Indoor performances which adhere to social distancing rules will be allowed to return from the beginning of August, Prime Minister Boris Johnson announced today.
Addressing the nation, Johnson said: "We will restart indoor performances to a live audience, subject to the success of pilots, and we will also pilot larger gatherings in venues like sports stadia with a view to a wider reopening in the autumn.”
However, it was bad news for the nightclub sector, as Johnson added: "Nightclubs and soft play areas sadly need to remain closed for now, although this will be kept under review."
The further easing of restrictions follows last week's announcement allowing outdoor events to begin from 11th July, and the release of a £1.57 billion rescue package to save the nation's music, arts and culture venues left devastated by the Coronavirus crisis.
The move sees the industry step to stage four of the government’s five-stage roadmap for the return of live events, with the final stage allowing 'a fuller audience indoors'.
Pilots for the return of indoor events will take place in the coming weeks, with shows at the London Symphony Orchestra and Butlin's.
Earlier this month, the government published guidelines for the safe return of audiences, including reduced capacities, e-ticketing, increased deep cleaning and pre-ordered food & drink (you can read the guidelines in full here).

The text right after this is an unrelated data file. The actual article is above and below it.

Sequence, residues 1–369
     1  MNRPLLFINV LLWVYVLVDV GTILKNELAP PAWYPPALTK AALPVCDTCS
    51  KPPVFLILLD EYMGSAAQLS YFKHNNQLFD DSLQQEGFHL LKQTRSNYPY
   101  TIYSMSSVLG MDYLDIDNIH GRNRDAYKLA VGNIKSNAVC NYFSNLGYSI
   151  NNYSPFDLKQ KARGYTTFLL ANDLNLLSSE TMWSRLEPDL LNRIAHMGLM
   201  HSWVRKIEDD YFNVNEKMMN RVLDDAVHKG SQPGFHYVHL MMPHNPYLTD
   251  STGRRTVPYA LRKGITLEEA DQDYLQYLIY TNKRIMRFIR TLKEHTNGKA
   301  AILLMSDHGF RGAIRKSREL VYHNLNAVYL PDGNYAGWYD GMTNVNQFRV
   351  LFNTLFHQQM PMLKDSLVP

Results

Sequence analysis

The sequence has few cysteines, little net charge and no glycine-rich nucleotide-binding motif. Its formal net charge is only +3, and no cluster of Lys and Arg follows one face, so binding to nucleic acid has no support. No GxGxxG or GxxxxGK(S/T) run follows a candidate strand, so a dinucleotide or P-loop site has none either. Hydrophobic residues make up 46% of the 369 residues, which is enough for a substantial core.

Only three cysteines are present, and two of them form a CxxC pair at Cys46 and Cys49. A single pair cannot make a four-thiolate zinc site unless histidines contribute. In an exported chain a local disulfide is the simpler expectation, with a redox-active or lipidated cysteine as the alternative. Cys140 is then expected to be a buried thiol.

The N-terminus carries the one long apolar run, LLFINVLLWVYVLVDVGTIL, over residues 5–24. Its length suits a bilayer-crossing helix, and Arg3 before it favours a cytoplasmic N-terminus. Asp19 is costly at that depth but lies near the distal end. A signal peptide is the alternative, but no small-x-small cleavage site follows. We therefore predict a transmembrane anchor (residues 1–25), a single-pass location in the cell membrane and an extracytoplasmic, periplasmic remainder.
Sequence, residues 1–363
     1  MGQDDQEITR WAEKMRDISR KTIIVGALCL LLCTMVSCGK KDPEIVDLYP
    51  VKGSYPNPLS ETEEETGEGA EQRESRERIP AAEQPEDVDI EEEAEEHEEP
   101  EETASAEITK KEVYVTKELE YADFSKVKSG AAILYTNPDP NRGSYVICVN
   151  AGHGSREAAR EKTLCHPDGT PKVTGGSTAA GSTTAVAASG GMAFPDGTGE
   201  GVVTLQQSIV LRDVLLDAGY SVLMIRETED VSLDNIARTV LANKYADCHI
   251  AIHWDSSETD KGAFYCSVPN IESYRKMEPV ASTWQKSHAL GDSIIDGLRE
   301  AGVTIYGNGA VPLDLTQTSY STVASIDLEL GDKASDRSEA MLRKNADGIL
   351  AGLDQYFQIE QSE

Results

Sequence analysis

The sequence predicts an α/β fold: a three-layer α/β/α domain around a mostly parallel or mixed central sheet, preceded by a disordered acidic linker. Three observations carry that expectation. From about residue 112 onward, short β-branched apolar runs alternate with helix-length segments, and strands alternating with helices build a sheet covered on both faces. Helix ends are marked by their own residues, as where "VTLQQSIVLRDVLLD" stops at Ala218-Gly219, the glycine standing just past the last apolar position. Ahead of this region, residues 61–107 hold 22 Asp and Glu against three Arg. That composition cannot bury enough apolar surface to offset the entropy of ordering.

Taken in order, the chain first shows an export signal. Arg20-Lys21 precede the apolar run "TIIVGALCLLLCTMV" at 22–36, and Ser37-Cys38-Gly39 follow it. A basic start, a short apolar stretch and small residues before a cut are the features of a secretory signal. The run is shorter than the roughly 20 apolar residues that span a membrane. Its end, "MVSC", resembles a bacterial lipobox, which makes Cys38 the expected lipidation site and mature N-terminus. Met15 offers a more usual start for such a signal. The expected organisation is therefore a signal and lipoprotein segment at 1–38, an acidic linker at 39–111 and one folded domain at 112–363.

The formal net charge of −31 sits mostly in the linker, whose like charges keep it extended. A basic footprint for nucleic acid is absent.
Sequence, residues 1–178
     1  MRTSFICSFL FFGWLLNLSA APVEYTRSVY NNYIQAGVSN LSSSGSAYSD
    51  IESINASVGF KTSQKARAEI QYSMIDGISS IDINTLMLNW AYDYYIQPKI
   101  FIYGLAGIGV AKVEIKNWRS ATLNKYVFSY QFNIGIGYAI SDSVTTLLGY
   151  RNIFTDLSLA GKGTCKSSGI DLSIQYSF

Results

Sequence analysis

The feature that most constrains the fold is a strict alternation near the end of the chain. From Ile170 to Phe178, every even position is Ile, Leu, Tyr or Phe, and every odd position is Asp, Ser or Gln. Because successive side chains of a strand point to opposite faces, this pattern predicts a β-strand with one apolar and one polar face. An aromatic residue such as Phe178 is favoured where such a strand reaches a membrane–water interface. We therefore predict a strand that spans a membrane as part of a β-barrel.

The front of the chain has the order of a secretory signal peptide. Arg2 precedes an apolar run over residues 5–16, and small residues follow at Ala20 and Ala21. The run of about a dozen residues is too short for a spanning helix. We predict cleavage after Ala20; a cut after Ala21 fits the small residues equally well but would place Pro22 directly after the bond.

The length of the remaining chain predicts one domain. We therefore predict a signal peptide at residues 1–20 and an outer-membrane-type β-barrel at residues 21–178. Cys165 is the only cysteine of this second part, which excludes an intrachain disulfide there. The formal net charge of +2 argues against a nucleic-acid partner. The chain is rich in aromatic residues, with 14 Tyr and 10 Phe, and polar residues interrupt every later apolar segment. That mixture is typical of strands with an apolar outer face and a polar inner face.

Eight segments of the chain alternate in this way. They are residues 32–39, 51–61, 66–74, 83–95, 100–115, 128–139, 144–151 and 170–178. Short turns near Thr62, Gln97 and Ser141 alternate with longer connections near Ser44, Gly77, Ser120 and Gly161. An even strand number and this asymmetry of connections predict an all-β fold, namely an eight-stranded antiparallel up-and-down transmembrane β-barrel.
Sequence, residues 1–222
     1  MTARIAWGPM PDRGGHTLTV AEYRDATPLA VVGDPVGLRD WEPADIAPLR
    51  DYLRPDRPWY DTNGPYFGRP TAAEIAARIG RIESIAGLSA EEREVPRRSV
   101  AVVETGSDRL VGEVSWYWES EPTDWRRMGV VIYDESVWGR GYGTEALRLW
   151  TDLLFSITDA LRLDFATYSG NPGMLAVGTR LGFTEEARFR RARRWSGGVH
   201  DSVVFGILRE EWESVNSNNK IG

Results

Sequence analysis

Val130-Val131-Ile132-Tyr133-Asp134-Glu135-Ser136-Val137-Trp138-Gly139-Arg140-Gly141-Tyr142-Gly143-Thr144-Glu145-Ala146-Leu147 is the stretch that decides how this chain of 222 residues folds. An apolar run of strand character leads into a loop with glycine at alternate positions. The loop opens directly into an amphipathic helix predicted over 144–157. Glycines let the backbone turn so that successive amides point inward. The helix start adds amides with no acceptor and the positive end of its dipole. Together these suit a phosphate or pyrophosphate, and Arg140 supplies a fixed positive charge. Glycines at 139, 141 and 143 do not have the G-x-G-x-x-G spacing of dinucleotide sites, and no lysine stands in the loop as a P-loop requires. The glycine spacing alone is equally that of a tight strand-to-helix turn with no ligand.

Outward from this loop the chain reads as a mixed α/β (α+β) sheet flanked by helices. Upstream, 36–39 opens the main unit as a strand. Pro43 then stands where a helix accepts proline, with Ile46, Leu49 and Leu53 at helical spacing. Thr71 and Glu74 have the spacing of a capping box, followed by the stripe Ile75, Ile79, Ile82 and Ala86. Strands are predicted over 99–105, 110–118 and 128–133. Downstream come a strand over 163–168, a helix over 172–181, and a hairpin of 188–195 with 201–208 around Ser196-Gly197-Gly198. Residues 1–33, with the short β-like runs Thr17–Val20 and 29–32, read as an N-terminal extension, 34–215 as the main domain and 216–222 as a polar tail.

Culture Secretary Oliver Dowden said: "The UK’s performing arts sector is renowned across the world and I am pleased that we are making real progress in getting its doors reopened to the public with social distancing.
"From August indoor theatres, music venues and performance spaces will safely welcome audiences back across the country."
24 Kitchen Street Liverpool - the government has been accused of "ignoring" nightclubs
However, once again the nightclub industry has been left in limbo.
Speaking to Skiddle last week, Michael Kill, chief executive of the Night-Time Industries Association (NTIA), said that the sector was being overlooked by the Government.
"It is abundantly obvious that the Government is ignoring all the night time economy businesses, clubs, late bars and dance music venues that we represent," he said.
"We implore the government in the strongest terms to recognise our sector within arts and culture, and prioritise support for our sector before some amazing cultural businesses are lost forever."
Read more here.